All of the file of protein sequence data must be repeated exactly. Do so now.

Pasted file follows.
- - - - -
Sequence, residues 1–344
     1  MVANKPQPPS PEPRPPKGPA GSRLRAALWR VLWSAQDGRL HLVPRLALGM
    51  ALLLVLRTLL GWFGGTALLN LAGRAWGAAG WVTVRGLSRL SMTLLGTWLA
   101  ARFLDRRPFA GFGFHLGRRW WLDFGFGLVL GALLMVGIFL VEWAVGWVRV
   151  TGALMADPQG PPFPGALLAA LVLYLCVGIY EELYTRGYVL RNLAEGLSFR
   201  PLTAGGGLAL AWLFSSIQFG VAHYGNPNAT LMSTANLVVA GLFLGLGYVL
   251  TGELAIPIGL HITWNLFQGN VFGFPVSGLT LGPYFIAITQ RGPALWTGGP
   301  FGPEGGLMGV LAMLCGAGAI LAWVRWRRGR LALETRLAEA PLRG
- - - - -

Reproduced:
Sequence, residues 1–344
     1  MVANKPQPPS PEPRPPKGPA GSRLRAALWR VLWSAQDGRL HLVPRLALGM
    51  ALLLVLRTLL GWFGGTALLN LAGRAWGAAG WVTVRGLSRL SMTLLGTWLA
   101  ARFLDRRPFA GFGFHLGRRW WLDFGFGLVL GALLMVGIFL VEWAVGWVRV
   151  TGALMADPQG PPFPGALLAA LVLYLCVGIY EELYTRGYVL RNLAEGLSFR
   201  PLTAGGGLAL AWLFSSIQFG VAHYGNPNAT LMSTANLVVA GLFLGLGYVL
   251  TGELAIPIGL HITWNLFQGN VFGFPVSGLT LGPYFIAITQ RGPALWTGGP
   301  FGPEGGLMGV LAMLCGAGAI LAWVRWRRGR LALETRLAEA PLRG